To many a casual observer, a fruit tree is just a ‘tree’ – an all-in-one fruiting unit that has its own roots and it’s own branches. Nothing could actually be further from the truth! The fruit trees you will buy and nurture in your garden or orchard are actually a crafty amalgamation of two entirely different trees! A fruit tree cultivar [be it a traditional Cox’s Orange Pippin Apple, a Victoria plum, or whatever] has, for various reasons that will be explained, to be joined with a rootstock and this rootstock will influence the tree in beneficial ways. On young trees [and sometimes even older ones] it is still visible you can actually still see this join a few inches above the root, if you look carefully.So what is a rootstock?

Rootstocks have been developed over many years by horticultural institutions worldwide and are generally raised from closely allied species of the fruit concerned. To begin with they look rather like the host – an apple rootstock looks much like an apple tree itself. It’s flowers are like appleblossom but they seldom have fruits that are worthwhile. Apple rootstocks are usually selected forms of Malus sylvestris crab apples. Rootstocks for Pears will have been derived from Pyrus communis [a type of wild Pear] or Cydonia Quinces which are closely related. And so on. All the different fruits will have rootstocks specific to them so you can’t have an apple grafted onto a Pear rootstock because the union between two unrelated fruits would be unsuccessful.

So why are fruit trees grafted in this way? It’s a complicated and expensive procedure that has to be fulfilled by skilled nurserymen which are very experienced in their work. People that can graft fruit trees successfully tend to be a very select few and because of this it adds greatly to the cost of the tree. So why do we bother? The reason fruit trees are grafted is because if a fruit tree is grown on it’s own roots, it will take forever to fruit. It will spend lots and lots of years merrily growing away and looking fabulously healthy and full of promise, but many Springs will come and go with a tedious lack of any real progression. It can be 20 years before any fruit is seen by which time the tree itself will probably be as big as your house! This is where the rootstock itself comes in. It actually encourages the production of fruit much, much earlier in life and the ‘parasite’ it is supporting [i.e. the actual fruit tree variety itself] will usually yield within 5 years and often sooner, depending on the rootstock concerned [more of that later] In addition to this, rootstocks are developed with different growth tendencies. Some have a vigorous attribute; others will be more compact or even dwarfing. So, by choosing an appropriate rootstock you can have a tree suitable for your needs, whether you are growing a traditional large orchard, or, at the other end of the scale, growing miniature little trees in pots on your patio. There is sure to be a ready and willing rootstock able to deliver your needs!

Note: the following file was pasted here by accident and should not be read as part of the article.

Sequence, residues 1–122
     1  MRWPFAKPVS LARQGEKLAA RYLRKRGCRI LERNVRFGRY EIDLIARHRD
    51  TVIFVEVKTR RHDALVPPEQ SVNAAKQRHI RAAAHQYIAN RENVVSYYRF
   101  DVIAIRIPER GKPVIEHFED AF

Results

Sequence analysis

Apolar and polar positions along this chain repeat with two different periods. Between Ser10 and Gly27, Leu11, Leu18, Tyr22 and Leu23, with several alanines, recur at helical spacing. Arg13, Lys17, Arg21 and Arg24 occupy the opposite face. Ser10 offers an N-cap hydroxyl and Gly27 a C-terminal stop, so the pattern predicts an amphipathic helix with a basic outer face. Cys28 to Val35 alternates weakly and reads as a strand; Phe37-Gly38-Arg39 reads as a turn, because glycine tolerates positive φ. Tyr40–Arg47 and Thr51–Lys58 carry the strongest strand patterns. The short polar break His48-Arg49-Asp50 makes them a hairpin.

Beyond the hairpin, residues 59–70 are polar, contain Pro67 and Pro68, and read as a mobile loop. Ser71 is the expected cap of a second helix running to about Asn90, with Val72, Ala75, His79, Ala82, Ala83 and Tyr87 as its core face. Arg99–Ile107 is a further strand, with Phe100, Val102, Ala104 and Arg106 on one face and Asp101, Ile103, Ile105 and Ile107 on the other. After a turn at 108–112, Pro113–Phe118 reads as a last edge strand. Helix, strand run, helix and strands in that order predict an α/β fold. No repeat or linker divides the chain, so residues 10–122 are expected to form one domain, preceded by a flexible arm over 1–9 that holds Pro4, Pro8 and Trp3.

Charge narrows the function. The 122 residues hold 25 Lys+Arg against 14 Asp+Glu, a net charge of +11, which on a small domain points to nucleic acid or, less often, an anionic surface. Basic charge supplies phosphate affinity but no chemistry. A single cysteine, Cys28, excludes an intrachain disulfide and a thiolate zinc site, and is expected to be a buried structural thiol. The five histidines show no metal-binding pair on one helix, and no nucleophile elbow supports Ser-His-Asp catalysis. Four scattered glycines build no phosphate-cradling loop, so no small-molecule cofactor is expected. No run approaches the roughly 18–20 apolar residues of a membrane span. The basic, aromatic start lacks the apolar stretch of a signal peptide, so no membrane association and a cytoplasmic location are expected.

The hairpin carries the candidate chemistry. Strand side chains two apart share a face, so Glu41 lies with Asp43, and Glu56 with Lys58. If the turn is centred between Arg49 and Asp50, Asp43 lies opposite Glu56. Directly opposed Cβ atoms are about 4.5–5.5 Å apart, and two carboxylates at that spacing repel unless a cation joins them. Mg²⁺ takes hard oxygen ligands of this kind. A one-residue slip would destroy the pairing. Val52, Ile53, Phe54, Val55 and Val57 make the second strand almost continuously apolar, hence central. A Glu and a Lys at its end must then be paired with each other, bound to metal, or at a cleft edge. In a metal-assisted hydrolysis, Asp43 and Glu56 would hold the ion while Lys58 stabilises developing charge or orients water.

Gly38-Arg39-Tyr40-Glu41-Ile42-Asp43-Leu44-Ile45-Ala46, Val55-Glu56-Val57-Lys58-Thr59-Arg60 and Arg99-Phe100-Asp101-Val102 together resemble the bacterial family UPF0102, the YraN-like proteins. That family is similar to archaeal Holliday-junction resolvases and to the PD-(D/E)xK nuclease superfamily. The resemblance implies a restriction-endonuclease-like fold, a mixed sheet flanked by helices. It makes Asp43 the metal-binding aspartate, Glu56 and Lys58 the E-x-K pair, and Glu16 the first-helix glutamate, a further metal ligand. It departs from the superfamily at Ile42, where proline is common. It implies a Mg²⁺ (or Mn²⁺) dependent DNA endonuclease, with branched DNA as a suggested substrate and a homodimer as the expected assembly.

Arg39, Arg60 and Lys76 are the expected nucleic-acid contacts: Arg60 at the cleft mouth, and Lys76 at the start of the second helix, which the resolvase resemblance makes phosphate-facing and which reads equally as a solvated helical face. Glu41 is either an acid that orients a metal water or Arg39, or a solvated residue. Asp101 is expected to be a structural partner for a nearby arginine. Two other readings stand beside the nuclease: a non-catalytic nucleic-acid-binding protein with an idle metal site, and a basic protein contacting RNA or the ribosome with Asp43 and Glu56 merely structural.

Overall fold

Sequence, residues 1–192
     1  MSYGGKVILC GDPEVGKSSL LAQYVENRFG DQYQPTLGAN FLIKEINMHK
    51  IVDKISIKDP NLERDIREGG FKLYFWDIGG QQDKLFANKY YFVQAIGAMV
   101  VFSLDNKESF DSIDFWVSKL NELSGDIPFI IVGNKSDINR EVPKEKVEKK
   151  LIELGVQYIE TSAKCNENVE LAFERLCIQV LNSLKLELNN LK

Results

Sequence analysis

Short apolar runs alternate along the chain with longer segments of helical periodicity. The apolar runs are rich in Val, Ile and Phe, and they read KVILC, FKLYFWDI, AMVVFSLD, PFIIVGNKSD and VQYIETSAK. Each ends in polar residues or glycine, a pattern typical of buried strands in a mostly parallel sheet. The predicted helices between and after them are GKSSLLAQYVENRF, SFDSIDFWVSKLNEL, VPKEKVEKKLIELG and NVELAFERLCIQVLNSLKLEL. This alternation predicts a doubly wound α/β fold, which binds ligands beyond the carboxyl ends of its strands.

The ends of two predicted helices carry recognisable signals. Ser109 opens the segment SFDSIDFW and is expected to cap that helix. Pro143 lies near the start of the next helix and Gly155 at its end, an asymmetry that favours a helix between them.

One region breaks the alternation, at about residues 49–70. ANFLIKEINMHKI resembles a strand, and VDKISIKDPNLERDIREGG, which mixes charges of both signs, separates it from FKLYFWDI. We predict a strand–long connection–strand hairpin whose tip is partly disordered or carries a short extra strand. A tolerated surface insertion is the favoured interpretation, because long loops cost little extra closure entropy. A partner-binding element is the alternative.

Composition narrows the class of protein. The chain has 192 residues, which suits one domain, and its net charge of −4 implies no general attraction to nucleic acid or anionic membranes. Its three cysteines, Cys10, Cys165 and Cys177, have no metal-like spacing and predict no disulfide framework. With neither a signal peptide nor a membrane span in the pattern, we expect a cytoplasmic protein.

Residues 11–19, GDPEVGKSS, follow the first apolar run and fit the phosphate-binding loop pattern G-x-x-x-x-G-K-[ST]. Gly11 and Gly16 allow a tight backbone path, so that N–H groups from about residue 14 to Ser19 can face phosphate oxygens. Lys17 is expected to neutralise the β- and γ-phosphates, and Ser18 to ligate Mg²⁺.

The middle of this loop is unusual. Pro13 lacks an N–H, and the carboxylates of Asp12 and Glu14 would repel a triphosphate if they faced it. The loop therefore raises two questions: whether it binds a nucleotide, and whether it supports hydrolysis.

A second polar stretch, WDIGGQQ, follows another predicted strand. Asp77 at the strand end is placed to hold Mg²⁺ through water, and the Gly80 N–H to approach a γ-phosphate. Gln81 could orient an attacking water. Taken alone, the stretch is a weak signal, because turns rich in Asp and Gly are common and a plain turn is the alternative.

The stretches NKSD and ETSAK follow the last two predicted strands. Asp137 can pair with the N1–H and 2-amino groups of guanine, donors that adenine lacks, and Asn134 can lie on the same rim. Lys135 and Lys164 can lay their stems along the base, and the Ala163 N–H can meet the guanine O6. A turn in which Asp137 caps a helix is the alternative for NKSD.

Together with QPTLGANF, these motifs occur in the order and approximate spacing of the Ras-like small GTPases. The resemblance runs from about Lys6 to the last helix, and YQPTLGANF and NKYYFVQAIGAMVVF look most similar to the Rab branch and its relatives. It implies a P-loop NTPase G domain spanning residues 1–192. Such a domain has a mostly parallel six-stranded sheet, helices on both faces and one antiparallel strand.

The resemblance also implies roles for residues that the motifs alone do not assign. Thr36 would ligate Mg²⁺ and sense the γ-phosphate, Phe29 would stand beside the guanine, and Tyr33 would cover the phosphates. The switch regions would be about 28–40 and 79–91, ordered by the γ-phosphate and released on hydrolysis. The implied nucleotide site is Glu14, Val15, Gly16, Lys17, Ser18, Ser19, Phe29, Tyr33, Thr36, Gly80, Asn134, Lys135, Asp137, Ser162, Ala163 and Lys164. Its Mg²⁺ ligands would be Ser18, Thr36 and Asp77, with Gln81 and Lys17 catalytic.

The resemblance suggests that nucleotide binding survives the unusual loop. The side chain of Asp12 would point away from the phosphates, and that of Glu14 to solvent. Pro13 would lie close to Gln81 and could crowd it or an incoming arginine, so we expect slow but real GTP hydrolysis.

Fruit tree pollination explained

apple blossom

The second most important aspect of your selection, after that of rootstock, is pollination. Most varieties of fruit tree are not self fertile, that is if they are grown on their own they may never bare fruit or if they do it will be few and of poor quality. That is why so many disappointing purchases have arisen through buying trees from non-specialist nurseries that did not advise the hapless client that his or her tree needed a pollinator!

To help in identifying which trees will ‘go’ together pollination groups have been devised. This basically seperates the varieties into flowering seasons; the main criteria for good polination is that the flowers should be open at the same time. Although to the causal observer apple trees may look like they all blossom at the same, time, but this isn’t actually true. During the brief but glorious blossom-time in our English orchards, varieties will start and finish flowering at different times. If you select two trees with different flowering periods they may miss each other like long lost lovers in the night….. If this all sounds too comlicated don’t worry. The system is easy to understand and if you’re still a bit lost a specialist nursery in fruit trees can quide you in your choice and make sure you haven’t made any clangers when it comes to selection. Here’s the way it works:

Varieties have a letter or number prefix and are classed in A,B,C or D pollination groups, or 1,2,3 or 4. All you need to do is make sure that the varieties you have chosen are in the same or adjacent groups. As there is some overlap in flowering period you can for example choose 2 ‘B’ polination group or an ‘A’ and a ‘B’ together or a ‘B’ and a ‘C’ and it will still work. What you can’t do is break the chain and miss one out – an ‘A’ and a ‘C’ for example would miss one another and no fruit would be borne.

Self fertile fruit trees

There are also a few varieties that are known as self-pollinating and these are ideal for those of you who can only grow one apple, or one pear, because they will still fruit on their own. However if you are planting a mixture of varieties it’s best to do a little homework on pollination, make an informed selection and get a diverse mix of pollinating partners.

Ways to grow your fruit trees